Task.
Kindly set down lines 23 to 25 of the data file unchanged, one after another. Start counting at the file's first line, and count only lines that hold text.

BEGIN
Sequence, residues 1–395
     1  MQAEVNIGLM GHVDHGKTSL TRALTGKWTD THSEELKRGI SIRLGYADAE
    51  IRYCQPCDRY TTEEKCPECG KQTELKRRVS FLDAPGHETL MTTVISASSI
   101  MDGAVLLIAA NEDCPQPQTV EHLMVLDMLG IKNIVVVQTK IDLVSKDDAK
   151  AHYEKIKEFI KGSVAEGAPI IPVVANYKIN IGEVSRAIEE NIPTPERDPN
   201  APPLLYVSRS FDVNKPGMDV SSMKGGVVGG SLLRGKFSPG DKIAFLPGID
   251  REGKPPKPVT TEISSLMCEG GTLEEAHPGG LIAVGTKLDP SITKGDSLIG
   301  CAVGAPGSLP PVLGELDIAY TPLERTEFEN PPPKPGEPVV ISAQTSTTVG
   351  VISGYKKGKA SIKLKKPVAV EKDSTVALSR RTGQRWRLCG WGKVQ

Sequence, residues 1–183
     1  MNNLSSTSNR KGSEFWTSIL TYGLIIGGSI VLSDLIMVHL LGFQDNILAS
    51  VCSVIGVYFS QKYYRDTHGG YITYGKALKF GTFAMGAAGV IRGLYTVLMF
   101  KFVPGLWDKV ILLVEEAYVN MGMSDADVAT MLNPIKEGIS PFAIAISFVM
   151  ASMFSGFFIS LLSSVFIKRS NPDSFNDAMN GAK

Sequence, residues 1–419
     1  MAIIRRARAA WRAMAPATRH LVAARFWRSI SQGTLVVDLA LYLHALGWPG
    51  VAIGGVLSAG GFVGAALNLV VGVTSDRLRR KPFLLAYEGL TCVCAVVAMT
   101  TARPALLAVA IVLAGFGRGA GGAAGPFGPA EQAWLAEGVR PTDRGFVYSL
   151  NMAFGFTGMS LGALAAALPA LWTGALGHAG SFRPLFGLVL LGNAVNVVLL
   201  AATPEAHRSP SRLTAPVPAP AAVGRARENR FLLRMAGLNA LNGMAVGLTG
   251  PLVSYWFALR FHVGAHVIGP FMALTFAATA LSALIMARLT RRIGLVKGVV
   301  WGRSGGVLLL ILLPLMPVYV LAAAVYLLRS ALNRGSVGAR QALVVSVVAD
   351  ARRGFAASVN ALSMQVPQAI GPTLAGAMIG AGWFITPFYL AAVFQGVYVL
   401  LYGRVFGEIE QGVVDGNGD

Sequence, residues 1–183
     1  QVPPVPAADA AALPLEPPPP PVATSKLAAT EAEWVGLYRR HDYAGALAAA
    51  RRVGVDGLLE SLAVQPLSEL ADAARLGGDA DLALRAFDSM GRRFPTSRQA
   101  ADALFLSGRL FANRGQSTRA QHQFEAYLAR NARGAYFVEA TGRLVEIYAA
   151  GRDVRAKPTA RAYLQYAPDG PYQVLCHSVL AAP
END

   351  ARRGFAASVN ALSMQVPQAI GPTLAGAMIG AGWFITPFYL AAVFQGVYVL
   401  LYGRVFGEIE QGVVDGNGD

Sequence, residues 1–183